Take the 2G scam. The CAG first pointed out that the scam could be as large as Rs 1.76 lac crores. Ever since, that number has stuck in our minds. In many ways, since we strongly believe that corruption in India is extremely high; we look for straws of data to peg our beliefs onto. The truth seldom matters. Since this blog is about the Real Truth, let me give you some real truths of the 2G scam. The CAG arguably failed to understand the difference between government “policy” and “processes”. It was the government’s policy to give 2G spectrum cheap. It’s as a result of this cheap spectrum policy that telecom pricing in India is so low. This has led to the exponential growth of the telecom sector. Today, at least 500 million subsribers – so many of them poor and under-priviliged – are enjoying the benefits of mobility and associated economic prosperity. As a result of the mobile phone, even “addressless” and “officeless” workers are able to take part in economic activity in the society. The CAG comment confused policy with process. Sure, there have been process errors. And corruption must have taken place in that sphere. But even so many months after the CBI has been working directly under the SC, all that they have been able to find is the Rs 200 crore link between DB Realty (alloted a 2G license by Raja) and Kalaignar TV (Raja’s party’s TV channel). There is nothing to date against Unitech. Nothing specific against Reliance yet. And nothing specific against anybody else. And it’s not as if the telcos have minted money because of cheap spectrum. Vodafone – the 2nd largest mobile operator in India – reported its first profit after being in this country for more than 15 years. Only the number 1 operator – Airtel – has a healthy PAT margin of around 19%. Another large operator – Reliance – has been in losses for much of last year and Idea – has just about 6% PAT margins. The other proof of corruption cited is about Unitech offloading equity to Telenor at a high market valuation of some Rs 6000 crores. But people don’t understand that the money that Telenor brought did not go to Unitech’s pockets – it went into the company. This is the way most joint ventures are conducted. The investing foreign company puts in money and brings in technical expertise while the Indian company brings in other “assets”. Whether each party will make profits or not will be determined after many years – sometimes decades. Most business ventures lose money. But who is interested in these stats. The number of Rs 1.76 lac crores has stuck in our minds!

It’s the same story with the CWG mess. No doubt, there has been a lot of corruption in this. But Rs 70,000 crores? Excuse me; but I don’t think India has progressed so much that such large sums can be bandied around frivolously in this manner. The real truth here is that the order of the scam is much smaller – maybe less than a hundred crores. Check out all cases filed against Kalmadi & Co and this will become clear. I am not saying this is not serious enough; all I am saying is that the stats are wrong.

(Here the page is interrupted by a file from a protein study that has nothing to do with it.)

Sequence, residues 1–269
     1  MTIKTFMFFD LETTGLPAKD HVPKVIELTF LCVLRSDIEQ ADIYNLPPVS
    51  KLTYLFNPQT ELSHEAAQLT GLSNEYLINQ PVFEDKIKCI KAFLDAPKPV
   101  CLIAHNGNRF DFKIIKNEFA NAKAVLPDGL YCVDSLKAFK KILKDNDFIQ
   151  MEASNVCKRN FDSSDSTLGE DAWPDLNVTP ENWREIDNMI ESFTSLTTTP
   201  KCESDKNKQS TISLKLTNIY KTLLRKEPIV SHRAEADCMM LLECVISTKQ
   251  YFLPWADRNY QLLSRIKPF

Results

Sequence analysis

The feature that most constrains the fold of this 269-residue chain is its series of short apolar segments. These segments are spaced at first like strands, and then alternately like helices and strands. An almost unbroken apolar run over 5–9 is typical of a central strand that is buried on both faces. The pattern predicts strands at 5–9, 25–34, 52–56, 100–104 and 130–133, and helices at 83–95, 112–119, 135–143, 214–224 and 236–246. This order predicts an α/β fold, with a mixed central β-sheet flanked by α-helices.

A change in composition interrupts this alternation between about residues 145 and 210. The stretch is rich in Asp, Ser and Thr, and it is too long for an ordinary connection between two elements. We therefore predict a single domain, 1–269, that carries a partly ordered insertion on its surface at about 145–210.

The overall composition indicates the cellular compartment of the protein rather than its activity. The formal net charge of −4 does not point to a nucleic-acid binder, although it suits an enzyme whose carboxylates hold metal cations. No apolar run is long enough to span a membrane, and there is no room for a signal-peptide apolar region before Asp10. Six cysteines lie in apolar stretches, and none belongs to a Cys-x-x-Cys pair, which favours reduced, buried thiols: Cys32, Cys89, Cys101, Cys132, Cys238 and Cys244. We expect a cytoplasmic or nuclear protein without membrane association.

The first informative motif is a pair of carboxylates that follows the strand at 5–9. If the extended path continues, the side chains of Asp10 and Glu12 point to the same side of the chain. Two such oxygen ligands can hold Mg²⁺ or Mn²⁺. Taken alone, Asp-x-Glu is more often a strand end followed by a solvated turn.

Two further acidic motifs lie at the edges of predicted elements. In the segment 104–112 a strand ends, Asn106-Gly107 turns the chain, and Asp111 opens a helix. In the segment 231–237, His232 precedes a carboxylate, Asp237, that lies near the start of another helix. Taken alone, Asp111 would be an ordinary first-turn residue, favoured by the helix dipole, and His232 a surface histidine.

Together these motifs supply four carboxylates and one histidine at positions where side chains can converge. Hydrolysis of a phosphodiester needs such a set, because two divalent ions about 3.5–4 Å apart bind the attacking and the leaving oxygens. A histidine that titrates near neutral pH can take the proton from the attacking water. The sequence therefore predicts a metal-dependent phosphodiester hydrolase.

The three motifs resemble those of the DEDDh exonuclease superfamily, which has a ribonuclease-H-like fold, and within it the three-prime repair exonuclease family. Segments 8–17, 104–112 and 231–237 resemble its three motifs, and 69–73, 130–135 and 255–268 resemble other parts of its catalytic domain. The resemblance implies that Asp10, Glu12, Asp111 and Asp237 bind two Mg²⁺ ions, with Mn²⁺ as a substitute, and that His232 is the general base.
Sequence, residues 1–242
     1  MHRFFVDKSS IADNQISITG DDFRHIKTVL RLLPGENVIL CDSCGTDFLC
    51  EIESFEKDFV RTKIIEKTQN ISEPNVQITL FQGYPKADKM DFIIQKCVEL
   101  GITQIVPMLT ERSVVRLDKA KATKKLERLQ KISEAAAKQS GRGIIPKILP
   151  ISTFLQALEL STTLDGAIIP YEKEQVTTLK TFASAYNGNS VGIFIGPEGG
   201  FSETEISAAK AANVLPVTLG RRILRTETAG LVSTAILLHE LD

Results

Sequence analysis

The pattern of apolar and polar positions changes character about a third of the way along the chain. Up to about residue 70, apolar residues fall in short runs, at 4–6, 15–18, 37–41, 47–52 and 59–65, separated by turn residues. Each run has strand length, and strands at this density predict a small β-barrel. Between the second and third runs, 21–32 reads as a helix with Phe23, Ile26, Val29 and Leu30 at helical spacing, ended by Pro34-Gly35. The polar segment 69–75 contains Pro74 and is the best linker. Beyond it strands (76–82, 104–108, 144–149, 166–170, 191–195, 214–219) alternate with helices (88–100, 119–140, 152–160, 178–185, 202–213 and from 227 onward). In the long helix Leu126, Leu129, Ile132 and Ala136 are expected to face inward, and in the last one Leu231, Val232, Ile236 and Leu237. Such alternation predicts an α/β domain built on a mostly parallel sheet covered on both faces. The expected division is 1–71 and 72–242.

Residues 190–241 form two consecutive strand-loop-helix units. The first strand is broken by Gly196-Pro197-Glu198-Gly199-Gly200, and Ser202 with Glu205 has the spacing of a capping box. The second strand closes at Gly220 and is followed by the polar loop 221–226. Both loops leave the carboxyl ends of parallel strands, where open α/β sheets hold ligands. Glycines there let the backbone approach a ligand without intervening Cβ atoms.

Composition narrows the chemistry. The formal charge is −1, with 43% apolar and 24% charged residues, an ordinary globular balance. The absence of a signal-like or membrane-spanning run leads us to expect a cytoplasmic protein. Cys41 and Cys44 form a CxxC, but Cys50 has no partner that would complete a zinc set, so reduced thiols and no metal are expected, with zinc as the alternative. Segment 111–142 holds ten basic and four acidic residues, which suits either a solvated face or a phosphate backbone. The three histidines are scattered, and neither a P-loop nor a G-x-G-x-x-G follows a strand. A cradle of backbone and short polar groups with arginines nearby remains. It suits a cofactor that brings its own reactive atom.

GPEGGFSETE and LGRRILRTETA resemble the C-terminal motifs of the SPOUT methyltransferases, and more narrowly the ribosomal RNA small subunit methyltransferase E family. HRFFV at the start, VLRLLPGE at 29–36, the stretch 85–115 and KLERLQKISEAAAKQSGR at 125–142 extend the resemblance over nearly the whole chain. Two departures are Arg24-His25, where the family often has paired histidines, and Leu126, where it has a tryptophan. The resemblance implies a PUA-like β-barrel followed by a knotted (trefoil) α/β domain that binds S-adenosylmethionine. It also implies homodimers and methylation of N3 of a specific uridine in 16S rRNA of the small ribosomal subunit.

The Black Money numbers are similarly flawed. People with high levels of imagination have put a ridiculous number of $1.5 trillion on the estimate of black money abroad. One would have to assume that most of this would be in Swiss banks. I could never understand how a poor country (yes yes I know that we have some of the richest people living here.....but their wealth is no where close to these numbers) like India could put so much money abroad. India should have been a $10 trillion economy many years back for so much black money to have been ferreted out. The truth – to be disputed by some I am sure – came out today. The Central Bank in Switzerland stated that the entire Swiss banking system had only $2.5 billion attributed to Indians. Now all of this cannot be black money. And a lot of it could belong to Indians living outside India.

It’s the same story that plays out again and again. Partly, it’s because of the politics that has permeated even so called independent offices like the CAG. It wouldn’t be surprising if retired officials from such bodies later join political parties of their choosing. Part of the problem also is that media agencies hardly employ journalists today with sound economic knowledge. And with so much focus nowadays on economics, the journo becomes a puppet in the hands of maneuvring politicians and statisticians! Who is going to explain the nuances of today’s financial economy to journalists who have traditionally studied up on politics?

The real truth is that the reader has no option but to read multiple sources of news. It’s fashionable to say that the news chases the reader in today’s digital world. But the reader is well advised to chase the news as well – so that he/she is not played around with by either motivated or ignorant makers of news!